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Montreal’s Artturi Lehkonen, left, celebrates with Phillip Danault and Ben Chiarot after scoring in the second period Sunday against the Winnipeg Jets. The Canadiens won, 5-1. Paul Chiasson/The Canadian Press via AP

MONTREAL — Joel Armia had two goals and an assist, Carey Price made 26 saves, and the Montreal Canadiens defeated the Winnipeg Jets 5-1 on Sunday night to take a 3-0 lead in their second-round playoff series.

Corey Perry, Artturi Lehkonen and Nick Suzuki also scored for the Canadiens, who have won six straight games and haven’t trailed since losing Game 4 against Toronto in the first round. Montreal will try to complete a four-game sweep on Monday night at home.

The Canadiens lead a playoff series 3-0 for the first time since 2015, when they beat Ottawa in the opening round.

Adam Lowry scored for the Jets, and Connor Hellebuyck made 28 saves. Winnipeg was without top center Mark Scheifele, who is serving a four-game suspension for a charging penalty in the series opener. The Jets got Paul Stastny back after he missed the first two games because of an undisclosed injury.

Montreal welcomed another 2,500 fans Sunday night after hosting the first NHL crowd in Canada during the COVID-19 pandemic for Game 6 against Toronto.

The Canadiens opened the scoring at 4:45 of the first period on a grinding shift by the fourth line of Perry, Armia and Eric Staal. Caught in the middle of a change following a turnover, the Jets were hemmed into their own end for 30 seconds before Perry’s shot – the Canadiens’ third chance of the sequence – went off Winnipeg defenseman Jamie Benn’s stick and past Hellebuyck.

Lehkonen made it 2-0 at 9:24 of the second on a scramble after Phillip Danault hit the post.

The Jets went to the power play when the Canadiens were whistled for too many men, but Armia intercepted Stastny’s pass and broke the other way on a 2-on-1 before delaying around a sliding Josh Morrissey to make it 3-0 at 13:41 of the second. It was Montreal’s third short-handed goal of the playoffs.

Lowry broke Price’s shutout streak at 99 minutes, 33 seconds with 2:09 left in the period when he took a pass from Mathieu Perreault and fired a shot to the blocker side.

Suzuki made it 4-1 on a power play at 8:52 of the third, and Armia added his second of the night into an empty net with Hellebuyck on the bench for an extra attacker and Montreal killing another penalty with 3:18 remaining.

NOTES

BORDER CROSSINGS: The NHL received an exemption from Canadian health officials allowing cross-border travel for teams starting in the semifinal round of the Stanley Cup playoffs, the league announced.

When in Canada, teams will be required to stay in a bubble and be tested daily for COVID-19, similar to the tight restrictions that allowed the NHL to stage and complete its playoffs in two hub cities last year. Teams will be assigned designated hotels and have no interaction with the public.

Canadian Immigration Minister Marco Mendicino’s spokesman Alexander Cohen said the decision was made in conjunction with the Public Health Agency of Canada and with approval from the Ontario, Quebec, Alberta and Manitoba governments.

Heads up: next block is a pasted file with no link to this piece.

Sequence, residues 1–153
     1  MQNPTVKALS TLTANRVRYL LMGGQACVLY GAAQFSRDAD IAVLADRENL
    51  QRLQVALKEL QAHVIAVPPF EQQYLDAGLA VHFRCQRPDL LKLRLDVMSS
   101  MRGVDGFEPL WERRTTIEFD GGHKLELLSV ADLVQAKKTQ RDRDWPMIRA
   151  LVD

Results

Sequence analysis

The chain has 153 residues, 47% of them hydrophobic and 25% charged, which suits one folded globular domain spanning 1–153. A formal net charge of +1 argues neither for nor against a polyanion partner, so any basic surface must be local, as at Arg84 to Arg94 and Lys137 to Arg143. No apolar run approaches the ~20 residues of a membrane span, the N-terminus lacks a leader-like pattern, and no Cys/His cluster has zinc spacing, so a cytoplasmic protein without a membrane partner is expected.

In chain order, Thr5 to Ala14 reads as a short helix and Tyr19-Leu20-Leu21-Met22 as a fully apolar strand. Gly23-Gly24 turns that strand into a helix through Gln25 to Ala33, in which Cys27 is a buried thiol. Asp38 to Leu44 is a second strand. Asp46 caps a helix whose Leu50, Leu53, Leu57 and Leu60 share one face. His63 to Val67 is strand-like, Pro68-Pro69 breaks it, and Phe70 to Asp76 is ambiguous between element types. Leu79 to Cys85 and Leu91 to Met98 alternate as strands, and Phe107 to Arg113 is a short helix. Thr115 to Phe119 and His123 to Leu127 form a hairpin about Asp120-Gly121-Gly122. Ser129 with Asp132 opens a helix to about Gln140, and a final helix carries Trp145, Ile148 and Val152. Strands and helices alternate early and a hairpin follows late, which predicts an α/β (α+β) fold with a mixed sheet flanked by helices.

Cohen said the government will not hesitate to take further action should it be required.

“The National Hockey League is very appreciative of the decision,” NHL Deputy Commissioner Bill Daly said in a statement released by the league.

The exemption means the winner of the NHL’s West Division second-round playoff series between Colorado and Vegas will be allowed to travel to face the winner of the North Division second-round series between Winnipeg and Montreal.

The exemption will stay in place in the event Winnipeg or Montreal advances to the Stanley Cup final.

The NHL was considering having its Canadian-based North Division champion relocate to a temporary home in the U.S. starting in the semifinals.

The border restrictions prevented NHL teams from traveling between the U.S. and Canada during a shortened 56-game regular season. The league was limited to inter-division play only, and led to the creation of a North Division made up of the NHL’s seven Canadian-based franchises.

With few exceptions, travelers entering Canada are required to enter a two-week period of isolation upon arrival.

The restrictions came into effect in March 2020, shortly after the coronavirus pandemic began, and led to the NBA’s Toronto Raptors and Major League Baseball’s Toronto Blue Jays playing their regular seasons exclusively in the U.S.

The Blue Jays are currently playing out of their Triple-A site in Buffalo, New York, after spending the first two months of the season playing at their spring training facility in Dunedin, Florida.

This past week, Blue Jays President Mark Shapiro left open the possibility of the team returning to Toronto at some point this season. Shapiro, however, cautioned the decision would likely hinge on Canada loosening its border regulations.

Shapiro declined to get into specifics in saying talks between the Blue Jays and Canadian health officials have become more frequent and “certainly more positive” in recent weeks.


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